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European progress in working towards a tobacco-free generation.

  • Academic Journal
  • Been JV; Division of Neonatology, Department of Pediatrics, Erasmus MC Sophia Children's Hospital, University Medical Centre Rotterdam, Rotterdam, Netherlands. j.been@erasmusmc.nl.; Department of Obstetrics and Gynaecology, Erasmus MC Sophia Children's Hospital, University Medical Centre Rotterdam, Rotterdam, Netherlands. j.been@erasmusmc.nl.; Department of Public Health, Erasmus MC, University Medical Centre Rotterdam, Rotterdam, Netherlands. j.been@erasmusmc.nl.
    Laverty AA; Public Health Policy Evaluation Unit, School of Public Health, Imperial College London, London, UK.
    Tsampi A; Department of Transboundary Legal Studies, Faculty of Law, University of Groningen, Groningen, Netherlands.
    Filippidis FT; Public Health Policy Evaluation Unit, School of Public Health, Imperial College London, London, UK.
  • European journal of pediatrics [Eur J Pediatr] 2021 Dec; Vol. 180 (12), pp. 3423-3431. Date of Electronic Publication: 2021 May 25.
  • English
  • Children have the right to grow up free from the hazards associated with tobacco smoking. Tobacco smoke exposure can have detrimental effects on children's health and development, from before birth and beyond. As a result of effective tobacco control policies, European smoking rates are steadily decreasing among adults, as is the proportion of adolescents taking up smoking. Substantial variation however exists between countries, both in terms of smoking rates and regarding implementation, comprehensiveness and enforcement of policies to address smoking and second-hand smoke exposure. This is important because comprehensive tobacco control policies such as smoke-free legislation and tobacco taxation have extensively been shown to carry clear health benefits for both adults and children. Additional policies such as increasing the legal age to buy tobacco, reducing the number of outlets selling tobacco, banning tobacco display and advertising at the point-of-sale, and introducing plain packaging for tobacco products can help reduce smoking initiation by youth. At societal level, health professionals can play an important role in advocating for stronger policy measures, whereas they also clearly have a duty to address smoking and tobacco smoke exposure at the patient level. This includes providing cessation advise and referring to effective cessation services.Conclusion: Framing of tobacco exposure as a child right's issue and of comprehensive tobacco control as a tool to work towards the ultimate goal of reaching a tobacco-free generation can help accelerate European progress to curb the tobacco epidemic. What is Known: • Tobacco exposure is associated with a range of adverse health effects among babies and children. • Comprehensive tobacco control policies helped bring down smoking rates in Europe and benefit child health. What is New: • Protecting the rights and health of children provides a strong starting point for tobacco control advocacy. • The tobacco-free generation concept helps policy-makers set clear goals for protecting future generations from tobacco-associated harms.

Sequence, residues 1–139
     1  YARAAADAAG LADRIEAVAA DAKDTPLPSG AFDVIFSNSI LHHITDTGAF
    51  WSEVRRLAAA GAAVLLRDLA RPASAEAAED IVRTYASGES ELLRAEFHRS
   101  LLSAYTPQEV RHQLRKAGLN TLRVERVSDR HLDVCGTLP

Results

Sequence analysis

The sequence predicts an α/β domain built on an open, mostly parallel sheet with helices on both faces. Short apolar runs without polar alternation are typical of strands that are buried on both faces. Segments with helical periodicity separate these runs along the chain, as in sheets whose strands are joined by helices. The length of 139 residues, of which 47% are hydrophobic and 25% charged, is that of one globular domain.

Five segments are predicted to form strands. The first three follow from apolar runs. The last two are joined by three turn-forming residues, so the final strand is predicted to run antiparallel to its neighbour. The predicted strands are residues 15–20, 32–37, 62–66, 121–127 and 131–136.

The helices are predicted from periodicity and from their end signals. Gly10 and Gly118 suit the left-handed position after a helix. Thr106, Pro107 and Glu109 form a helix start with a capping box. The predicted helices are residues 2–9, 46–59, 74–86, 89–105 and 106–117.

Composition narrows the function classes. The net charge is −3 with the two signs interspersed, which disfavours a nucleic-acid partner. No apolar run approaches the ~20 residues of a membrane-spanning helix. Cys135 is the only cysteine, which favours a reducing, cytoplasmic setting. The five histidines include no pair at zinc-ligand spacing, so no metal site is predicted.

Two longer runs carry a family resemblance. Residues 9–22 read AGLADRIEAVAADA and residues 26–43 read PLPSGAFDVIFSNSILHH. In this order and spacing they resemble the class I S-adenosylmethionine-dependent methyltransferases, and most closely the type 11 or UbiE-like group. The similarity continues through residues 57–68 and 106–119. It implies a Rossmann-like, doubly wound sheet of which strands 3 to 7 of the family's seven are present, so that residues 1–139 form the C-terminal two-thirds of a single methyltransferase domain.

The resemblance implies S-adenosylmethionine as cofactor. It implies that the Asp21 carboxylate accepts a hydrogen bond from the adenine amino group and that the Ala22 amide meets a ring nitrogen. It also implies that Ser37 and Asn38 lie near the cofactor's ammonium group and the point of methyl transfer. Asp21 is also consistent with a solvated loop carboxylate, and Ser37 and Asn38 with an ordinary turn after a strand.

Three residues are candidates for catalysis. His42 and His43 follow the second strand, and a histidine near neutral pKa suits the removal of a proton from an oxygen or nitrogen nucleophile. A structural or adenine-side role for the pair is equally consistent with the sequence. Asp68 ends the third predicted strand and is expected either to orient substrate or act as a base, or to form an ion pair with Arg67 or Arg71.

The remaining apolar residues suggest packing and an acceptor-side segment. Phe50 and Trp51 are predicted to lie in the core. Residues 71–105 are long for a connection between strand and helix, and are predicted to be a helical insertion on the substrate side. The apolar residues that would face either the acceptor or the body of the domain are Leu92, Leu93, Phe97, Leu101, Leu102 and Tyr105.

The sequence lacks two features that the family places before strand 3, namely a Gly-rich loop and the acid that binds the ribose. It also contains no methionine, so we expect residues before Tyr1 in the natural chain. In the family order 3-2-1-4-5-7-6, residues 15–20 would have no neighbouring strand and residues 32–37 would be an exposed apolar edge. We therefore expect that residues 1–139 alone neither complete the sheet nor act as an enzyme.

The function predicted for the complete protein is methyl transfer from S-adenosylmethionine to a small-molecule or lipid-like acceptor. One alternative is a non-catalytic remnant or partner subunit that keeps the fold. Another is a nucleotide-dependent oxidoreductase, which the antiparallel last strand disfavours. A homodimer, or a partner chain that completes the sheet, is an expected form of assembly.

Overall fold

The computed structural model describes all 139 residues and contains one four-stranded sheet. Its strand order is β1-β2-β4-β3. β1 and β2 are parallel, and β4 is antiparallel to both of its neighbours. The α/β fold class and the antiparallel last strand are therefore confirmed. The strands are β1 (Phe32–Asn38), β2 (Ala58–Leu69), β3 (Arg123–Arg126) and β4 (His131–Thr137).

(© 2021. The Author(s).)
Additional Information
Publisher: Springer Verlag Country of Publication: Germany NLM ID: 7603873 Publication Model: Print-Electronic Cited Medium: Internet ISSN: 1432-1076 (Electronic) Linking ISSN: 03406199 NLM ISO Abbreviation: Eur J Pediatr Subsets: MEDLINE
Publication: Berlin : Springer Verlag
Original Publication: Berlin, New York, Springer-Verlag.
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2.1.19.010 Lung Foundation Netherlands; 2.1.19.010 KWF Kankerbestrijding; 2.1.19.010 Hartstichting; 2.1.19.010 Diabetes Fonds; 2.1.19.010 Trombosestichting Nederland
Keywords: Child; Europe; Smoke-free policy; Smoking; Smoking cessation; Tobacco
0 (Tobacco Smoke Pollution)
Date Created: 20210525 Date Completed: 20211116 Latest Revision: 20220218
20221216
PMC8589739
10.1007/s00431-021-04116-w
34032890
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